BY: KWAME FISHER-JONES
The Oklahoma City Thunder are quietly keeping tabs on the most desired big man since Shaquille O’Neal and the longer it takes for Dwight to share his services with a new suitor, the more likely it becomes OKC will become the lucky gent.
On January 28, 2012, yours truly wrote about six dark horse teams who were sniffing around the NBA’s biggest tease. Number one on that list was the Oklahoma City Thunder. The Thunder offer three things the Magic need and most of all, the one thing they want in any deal involving Howard.
Number one in the need department is bodies. The Magic will never say this publicly but they are well aware they are headed to “Rebuildville” once Howard exits Disney World. Acquiring a quasi-star player who thinks he is better than he actually is would stifle Orlando. However, three starters who play hard in Serge Ibaka, James Harden, and Kendrick Perkins would soften the eventual death blow to the franchise.
Franchise players are hard to attain, however, tradable assets to acquire franchise players are even harder to come by.
Harden, Perkins, and Ibaka all offer valuable services to a team and would be welcomed additions to teams who have championship aspirations. Most of all, they would serve as overvalued assets to teams who have delusions of championship grandeur, in the form of first round picks. These squads believe they are closer to the Larry O’Brien trophy than to lottery balls.
Unfortunately, for those clubs they end up sucking and their pain would bring Orlando joy.
The final need is cap flexibility. The only thing worse than being horrible, is being broke and horrible. In life we all are looking for a discount or the cheapest price. Whether it is cutting coupons or driving to unsafe neighborhoods and meeting strange cats in alleys. We as a society will go above and beyond for “the best deal.” NBA owners are the same way.
If an owner’s teams are winning it is acceptable to pay 10 but if their teams are losing anything over negative one might cost some people their jobs. Even with Howard, Orlando is a good distance from a championship parade, but without him they aren’t even in the same stratosphere as a championship.
Ibaka and Harden are both headed to free agency after the 2013-2014 season, which is just one season after Howard would hit free agency. Orlando, faced with the opportunity to add a young shot-blocker and the former sixth man of the year both in their primes and both playing for their NBA lives, would have to tempt the Magic. Once you add in the mobile home that is Kendrick Perkins it is hard to fathom Orlando receiving a better offer.
Disney’s basketball dream would like nothing more than to have Howard out of the Eastern Conference, above all. Just the thought of possibly seeing him in a playoff match-up is too much to bear for all parties concerned. Sending D12 west has to be tops on new Orlando Magic General Manager Rob Hennigan’s list of things to do. In a twist of fate Hennigan was recently employed by the Oklahoma City Thunder.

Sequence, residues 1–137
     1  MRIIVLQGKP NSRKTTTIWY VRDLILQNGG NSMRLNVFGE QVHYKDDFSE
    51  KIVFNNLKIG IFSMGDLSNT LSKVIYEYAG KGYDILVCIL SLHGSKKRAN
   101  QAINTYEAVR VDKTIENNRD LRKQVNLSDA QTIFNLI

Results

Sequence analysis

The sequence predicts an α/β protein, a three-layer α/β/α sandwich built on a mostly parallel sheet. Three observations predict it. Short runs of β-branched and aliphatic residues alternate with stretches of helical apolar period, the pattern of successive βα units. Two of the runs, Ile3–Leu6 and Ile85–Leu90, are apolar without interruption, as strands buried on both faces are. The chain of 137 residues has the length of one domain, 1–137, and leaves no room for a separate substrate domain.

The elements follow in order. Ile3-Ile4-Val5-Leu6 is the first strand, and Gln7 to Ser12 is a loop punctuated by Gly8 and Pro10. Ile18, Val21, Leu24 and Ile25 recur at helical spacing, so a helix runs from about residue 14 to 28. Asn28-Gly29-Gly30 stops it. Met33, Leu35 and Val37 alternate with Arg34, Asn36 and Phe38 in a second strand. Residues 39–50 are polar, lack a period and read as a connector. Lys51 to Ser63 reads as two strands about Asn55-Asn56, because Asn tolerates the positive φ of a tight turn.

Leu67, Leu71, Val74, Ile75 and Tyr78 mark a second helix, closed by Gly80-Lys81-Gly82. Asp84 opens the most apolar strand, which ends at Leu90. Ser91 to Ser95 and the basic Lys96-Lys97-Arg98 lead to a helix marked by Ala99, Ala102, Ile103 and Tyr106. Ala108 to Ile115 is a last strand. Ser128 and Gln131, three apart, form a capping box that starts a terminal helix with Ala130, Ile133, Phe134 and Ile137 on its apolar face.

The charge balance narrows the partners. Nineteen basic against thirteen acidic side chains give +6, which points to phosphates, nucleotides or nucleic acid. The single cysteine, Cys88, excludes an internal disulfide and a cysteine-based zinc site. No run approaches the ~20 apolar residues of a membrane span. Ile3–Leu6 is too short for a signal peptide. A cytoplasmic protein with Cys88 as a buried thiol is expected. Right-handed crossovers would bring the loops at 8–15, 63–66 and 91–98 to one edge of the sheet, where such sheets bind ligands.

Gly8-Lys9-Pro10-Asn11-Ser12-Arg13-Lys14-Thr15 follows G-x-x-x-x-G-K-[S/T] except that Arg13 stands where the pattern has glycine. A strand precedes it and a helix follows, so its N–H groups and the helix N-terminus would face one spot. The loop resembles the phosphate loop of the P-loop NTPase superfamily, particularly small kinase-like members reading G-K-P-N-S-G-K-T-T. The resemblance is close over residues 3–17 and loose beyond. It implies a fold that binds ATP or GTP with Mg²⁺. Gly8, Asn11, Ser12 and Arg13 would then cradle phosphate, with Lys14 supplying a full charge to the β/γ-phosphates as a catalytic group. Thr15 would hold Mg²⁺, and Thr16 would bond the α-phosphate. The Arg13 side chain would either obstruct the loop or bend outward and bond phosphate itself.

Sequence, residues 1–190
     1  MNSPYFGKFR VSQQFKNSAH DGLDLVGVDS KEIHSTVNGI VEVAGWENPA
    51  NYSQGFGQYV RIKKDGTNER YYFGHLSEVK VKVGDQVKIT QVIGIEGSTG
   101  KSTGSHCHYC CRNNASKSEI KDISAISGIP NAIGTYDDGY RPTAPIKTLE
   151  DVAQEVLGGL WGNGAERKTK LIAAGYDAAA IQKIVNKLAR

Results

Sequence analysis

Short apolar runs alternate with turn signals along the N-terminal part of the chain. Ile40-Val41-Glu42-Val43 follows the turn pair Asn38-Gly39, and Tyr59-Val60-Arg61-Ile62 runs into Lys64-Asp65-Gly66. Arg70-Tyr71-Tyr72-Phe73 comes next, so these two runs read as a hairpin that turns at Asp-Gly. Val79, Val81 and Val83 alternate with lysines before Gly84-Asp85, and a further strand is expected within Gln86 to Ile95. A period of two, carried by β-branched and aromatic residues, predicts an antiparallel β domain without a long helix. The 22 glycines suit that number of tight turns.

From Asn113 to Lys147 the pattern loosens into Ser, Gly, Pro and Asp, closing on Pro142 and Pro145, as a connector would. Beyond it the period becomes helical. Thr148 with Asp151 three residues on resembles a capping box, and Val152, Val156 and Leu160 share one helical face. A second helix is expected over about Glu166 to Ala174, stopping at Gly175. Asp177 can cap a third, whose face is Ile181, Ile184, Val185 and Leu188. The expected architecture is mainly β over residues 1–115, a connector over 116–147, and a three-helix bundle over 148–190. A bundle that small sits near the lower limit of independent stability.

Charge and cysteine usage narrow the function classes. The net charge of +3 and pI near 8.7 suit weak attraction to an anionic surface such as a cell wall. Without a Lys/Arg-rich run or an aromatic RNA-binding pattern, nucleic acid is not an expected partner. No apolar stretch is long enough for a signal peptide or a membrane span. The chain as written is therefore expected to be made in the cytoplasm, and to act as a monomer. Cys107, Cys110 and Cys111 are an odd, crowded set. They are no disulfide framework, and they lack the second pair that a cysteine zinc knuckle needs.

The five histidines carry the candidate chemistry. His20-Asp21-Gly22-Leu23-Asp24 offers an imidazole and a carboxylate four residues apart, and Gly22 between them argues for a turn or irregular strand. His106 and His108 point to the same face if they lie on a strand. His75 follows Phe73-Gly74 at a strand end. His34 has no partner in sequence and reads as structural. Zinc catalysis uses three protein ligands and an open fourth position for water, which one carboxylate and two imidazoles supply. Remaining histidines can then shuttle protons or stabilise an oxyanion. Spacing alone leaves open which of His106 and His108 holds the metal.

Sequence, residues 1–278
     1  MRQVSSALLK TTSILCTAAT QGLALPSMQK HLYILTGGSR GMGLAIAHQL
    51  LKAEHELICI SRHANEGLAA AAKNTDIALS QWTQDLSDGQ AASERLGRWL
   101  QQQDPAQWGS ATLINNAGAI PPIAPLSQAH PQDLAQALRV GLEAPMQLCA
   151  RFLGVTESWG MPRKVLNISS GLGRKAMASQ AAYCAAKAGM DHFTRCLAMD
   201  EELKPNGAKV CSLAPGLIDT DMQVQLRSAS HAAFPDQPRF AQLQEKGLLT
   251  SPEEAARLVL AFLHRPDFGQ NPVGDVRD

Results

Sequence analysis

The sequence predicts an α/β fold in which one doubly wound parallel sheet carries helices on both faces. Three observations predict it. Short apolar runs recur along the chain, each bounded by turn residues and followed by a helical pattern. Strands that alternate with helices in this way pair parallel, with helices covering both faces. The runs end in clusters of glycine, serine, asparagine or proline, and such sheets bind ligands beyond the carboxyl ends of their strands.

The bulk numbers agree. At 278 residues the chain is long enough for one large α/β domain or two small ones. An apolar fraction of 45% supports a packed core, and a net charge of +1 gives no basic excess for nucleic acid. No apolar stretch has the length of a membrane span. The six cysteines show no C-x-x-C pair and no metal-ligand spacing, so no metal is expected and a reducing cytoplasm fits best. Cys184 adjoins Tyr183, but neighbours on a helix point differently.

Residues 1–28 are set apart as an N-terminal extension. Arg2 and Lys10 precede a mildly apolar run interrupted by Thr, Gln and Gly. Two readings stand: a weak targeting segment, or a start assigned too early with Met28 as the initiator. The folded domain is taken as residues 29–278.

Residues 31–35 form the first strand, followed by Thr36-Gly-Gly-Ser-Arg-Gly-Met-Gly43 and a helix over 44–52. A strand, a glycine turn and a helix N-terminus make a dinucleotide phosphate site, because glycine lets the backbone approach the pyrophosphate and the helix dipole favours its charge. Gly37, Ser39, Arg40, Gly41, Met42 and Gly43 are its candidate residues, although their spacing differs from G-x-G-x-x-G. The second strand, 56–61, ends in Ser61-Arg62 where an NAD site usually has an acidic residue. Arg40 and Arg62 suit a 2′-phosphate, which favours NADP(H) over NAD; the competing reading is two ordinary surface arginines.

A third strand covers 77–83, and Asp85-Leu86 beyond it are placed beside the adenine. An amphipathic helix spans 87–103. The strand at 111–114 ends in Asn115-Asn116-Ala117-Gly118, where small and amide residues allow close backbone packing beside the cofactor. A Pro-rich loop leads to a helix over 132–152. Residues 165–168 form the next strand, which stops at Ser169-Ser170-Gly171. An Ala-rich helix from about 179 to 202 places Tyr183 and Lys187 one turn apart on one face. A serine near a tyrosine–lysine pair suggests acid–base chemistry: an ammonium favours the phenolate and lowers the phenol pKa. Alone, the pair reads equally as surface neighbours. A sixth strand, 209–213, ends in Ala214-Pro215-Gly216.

The longer Howard plays the “psyche your mind” game, the more likely it is he is dealt to OKC. The Thunder are coming off a season of tremendous growth and appear on the cusp of winning an NBA title. The addition of Howard to a line-up of Kevin Durant, Russell Westbrook, Nick Collison, and a front office that strikes gold with every draft pick made, would be formidable for years to come.
One of the greatest obstacles in life is deciphering between what one wants and what one needs. Dwight Howard wants the Brooklyn Nets and the allure of the big city has the Georgia native believing he can shine in such a bright light. It is this want that could cost the big man his career and eventual trip to the Hall-of-Fame.
If D12 cannot handle the spotlight that comes with leading the Orlando Magic and pending free agency, he would shrivel under the lights of the city that never sleeps. In the city of eight million stories Howard’s would be number one. If the light in Orlando was too bright and that is what brought about his moral indiscretions, what would the blinding lights of the concrete jungle do?
Howard needs an environment conducive to the immaturity that runs parallel in the life of a child prodigy. The young man needs quiet, even though he wants ruckus. Howard needs a community that will support his success as well as his failures. Lastly, he needs a city that offers a pat on the back for encouragement instead of the back page of the newspaper.
Los Angeles is in pursuit, Brooklyn is desired, but it is Oklahoma City that is necessary for Howard. The Orlando Magic’s new General Manager is a former Oklahoma City Thunder front office member, how or why that happened is unexplainable.
It is time for Howard to rewrite his-story. Somewhere between success and failure is where the young man rests and his next move could be an awakening or a termination. Brooklyn is not where the indecisive and unaccountable flourish. It is where the weak never get a second chance.